[UPDATED] ARMY WAR COLLEGE: When the Army invited NATO officers here to discuss the “deep future” of warfare in the 2030s, the organizers ran up against a present-day problem. Current regulations forbade them from showing certain information to their allies. It was just the latest case of a chronic problem which has hindered coalition operations around the world, but which is so deep-rooted it may require congressional legislation to fix.
The material was not classified. In fact, the Army’s Training And Doctrine Command (TRADOC) had taken care to keep the entire wargame and the associated senior-officer conference unclassified, in large part to make it easier for foreigners to participate and to provide a non-US perspective on common problems. But it is entirely possible for an unclassified document to be stamped NOFORN. What’s it mean? “No foreign nationals” may see the document or learn the information.
In this case, someone — I wasn’t told exactly who — decided a particular graphic on a particular page of a particular background paper was too revealing and couldn’t be shown to officers from America’s closest allies, including Australia, Britain, France and Germany. Many of these officers have extensive experience fighting alongside Americans in Afghanistan or Iraq. With no time to appeal the decision before their guests arrived, the organizers reluctantly handed their foreign guests a redacted version. Ironically, I — a reporter, with no security clearances of any kind — was issued the full version, and I can assure you the graphic in question appears completely innocuous.
It was an example in miniature of a major problem. Such petty, arbitrary restrictions drive some Americans crazy.
“It’s embarrassing what we can’t share,” said one American general who hosts many foreign officers on his base. The Army needs “to completely relook its foreign-disclosure process, because at any point anybody can say ‘no,’ and most of it’s baloney.”
“That NOFORN thing…really chaps my hide,” agreed another American general. “Most of the time, when we tell folks you don’t need to know that and you can’t have it, it’s in Google.”
The restrictions are more than an annoyance. One participant said that the four Mideastern nations that have bought American Patriot missiles don’t have the information needed to coordinate their batteries effectively against a common threat (e.g. Syria or Iran), or even to work well with the US Patriot units in the region. Another said his efforts to collaborate on new technology were hobbled by his inability to share even basic data. In military operations, several participants said, the restrictions can undermine hard-won mutual trust, slow the flow of vital information to decisionmakers, and even keep some options off the table entirely.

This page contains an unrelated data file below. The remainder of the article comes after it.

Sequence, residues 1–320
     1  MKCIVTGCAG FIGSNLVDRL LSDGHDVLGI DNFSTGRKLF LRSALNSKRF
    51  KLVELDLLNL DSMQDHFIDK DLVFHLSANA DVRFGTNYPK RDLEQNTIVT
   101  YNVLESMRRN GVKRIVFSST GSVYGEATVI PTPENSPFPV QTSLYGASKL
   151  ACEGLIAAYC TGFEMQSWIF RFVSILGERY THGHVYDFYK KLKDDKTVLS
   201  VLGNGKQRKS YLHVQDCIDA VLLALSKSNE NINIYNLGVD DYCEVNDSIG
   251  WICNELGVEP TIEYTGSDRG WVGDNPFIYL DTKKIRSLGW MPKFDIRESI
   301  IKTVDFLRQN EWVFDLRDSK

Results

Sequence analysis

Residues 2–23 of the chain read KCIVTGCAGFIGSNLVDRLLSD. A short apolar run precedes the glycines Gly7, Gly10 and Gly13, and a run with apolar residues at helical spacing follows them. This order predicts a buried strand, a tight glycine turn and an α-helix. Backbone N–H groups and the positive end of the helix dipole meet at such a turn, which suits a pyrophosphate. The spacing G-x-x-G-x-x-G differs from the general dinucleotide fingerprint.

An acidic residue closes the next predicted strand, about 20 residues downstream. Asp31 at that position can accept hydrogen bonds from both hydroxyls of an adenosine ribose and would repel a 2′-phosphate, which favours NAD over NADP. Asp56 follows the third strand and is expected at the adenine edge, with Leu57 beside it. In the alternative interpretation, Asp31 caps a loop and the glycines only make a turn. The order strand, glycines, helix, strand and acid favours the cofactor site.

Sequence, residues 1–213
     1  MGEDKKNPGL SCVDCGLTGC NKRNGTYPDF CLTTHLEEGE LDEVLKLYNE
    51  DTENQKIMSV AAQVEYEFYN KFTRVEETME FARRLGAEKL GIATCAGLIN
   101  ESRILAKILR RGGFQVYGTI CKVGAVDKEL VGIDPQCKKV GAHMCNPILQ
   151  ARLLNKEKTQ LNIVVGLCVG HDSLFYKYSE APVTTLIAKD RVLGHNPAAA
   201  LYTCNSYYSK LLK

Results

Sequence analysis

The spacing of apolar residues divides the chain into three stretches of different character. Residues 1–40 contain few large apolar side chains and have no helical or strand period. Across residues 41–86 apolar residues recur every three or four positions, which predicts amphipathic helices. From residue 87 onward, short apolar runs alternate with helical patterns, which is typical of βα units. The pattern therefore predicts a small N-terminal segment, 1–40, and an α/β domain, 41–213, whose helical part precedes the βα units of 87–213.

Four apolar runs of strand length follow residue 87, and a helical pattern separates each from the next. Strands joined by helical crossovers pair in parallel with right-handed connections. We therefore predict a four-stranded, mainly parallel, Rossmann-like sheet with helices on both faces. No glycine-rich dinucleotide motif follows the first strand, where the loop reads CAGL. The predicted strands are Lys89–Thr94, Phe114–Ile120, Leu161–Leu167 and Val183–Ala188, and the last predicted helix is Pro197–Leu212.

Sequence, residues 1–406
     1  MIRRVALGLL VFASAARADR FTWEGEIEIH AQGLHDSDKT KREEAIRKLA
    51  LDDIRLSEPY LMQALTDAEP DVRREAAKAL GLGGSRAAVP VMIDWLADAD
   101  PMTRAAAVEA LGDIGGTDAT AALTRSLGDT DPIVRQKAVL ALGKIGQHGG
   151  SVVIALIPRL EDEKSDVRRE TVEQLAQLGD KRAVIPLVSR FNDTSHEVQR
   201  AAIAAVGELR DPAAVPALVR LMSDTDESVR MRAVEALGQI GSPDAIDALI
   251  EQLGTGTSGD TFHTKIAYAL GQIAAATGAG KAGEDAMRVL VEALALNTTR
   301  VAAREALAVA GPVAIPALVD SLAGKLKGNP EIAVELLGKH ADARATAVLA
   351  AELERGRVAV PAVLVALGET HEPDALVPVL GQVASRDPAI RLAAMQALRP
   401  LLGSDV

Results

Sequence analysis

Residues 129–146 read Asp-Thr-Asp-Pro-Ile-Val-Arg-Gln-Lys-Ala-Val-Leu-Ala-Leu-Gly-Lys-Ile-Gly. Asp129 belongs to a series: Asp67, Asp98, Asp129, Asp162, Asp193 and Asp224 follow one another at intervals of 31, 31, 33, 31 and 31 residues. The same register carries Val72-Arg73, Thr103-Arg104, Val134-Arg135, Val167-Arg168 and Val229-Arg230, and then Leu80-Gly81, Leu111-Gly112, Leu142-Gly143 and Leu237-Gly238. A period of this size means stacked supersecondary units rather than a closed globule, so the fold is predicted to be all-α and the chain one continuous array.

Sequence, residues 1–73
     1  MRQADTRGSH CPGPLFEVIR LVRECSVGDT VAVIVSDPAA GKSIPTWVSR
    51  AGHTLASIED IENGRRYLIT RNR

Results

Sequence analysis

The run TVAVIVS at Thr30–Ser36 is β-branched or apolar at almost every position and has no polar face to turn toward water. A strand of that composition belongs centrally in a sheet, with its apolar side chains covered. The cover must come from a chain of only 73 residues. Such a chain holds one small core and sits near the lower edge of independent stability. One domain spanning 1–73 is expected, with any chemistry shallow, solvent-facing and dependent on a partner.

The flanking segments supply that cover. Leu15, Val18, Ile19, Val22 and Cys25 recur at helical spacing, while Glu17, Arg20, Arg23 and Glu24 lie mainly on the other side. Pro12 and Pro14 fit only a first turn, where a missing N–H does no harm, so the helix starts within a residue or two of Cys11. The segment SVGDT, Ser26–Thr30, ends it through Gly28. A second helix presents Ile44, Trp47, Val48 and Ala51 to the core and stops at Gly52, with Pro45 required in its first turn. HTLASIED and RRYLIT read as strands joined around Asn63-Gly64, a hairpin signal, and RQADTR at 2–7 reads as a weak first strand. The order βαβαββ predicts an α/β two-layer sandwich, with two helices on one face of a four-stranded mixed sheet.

“It doesn’t stop a coalition,” said one allied officer. “It just stifles the use of some capabilities within it.”
The problem goes deeper than institutional culture or even military regulations: Some of the restrictions are written into law. There are some waivers and workarounds. And, of course, Americans sometimes ignore the rules with a wink and a nod — and then have to lie about it to any Foreign Disclosure Officer (FDO) who might come calling. But a fundamental fix would require Congress to act.
“We’re going to need legislative champions for this,” said one American general thoughtfully, “a Skelton-esque kind of legislative champion.” (Missouri Rep. Ike Skelton was the top Democrat on the House Armed Services Committee for years and was renowned for his hard work on unglamorous issues like professional education for military officers).
“We all look at information like a treasure which has to be protected against others,” said one foreign general. To the contrary, he said: “It is a currency that has to be invested in order to be productive. It has to be invested in your partners.”
“We have too much ‘need to know,'” the general said. “We should come to ‘a duty to share.'”
[Updated 5:50 pm 19 September: In this one small case, at least, sanity prevailed: On Thursday, organizers got permission to give the allies the unredacted slide.]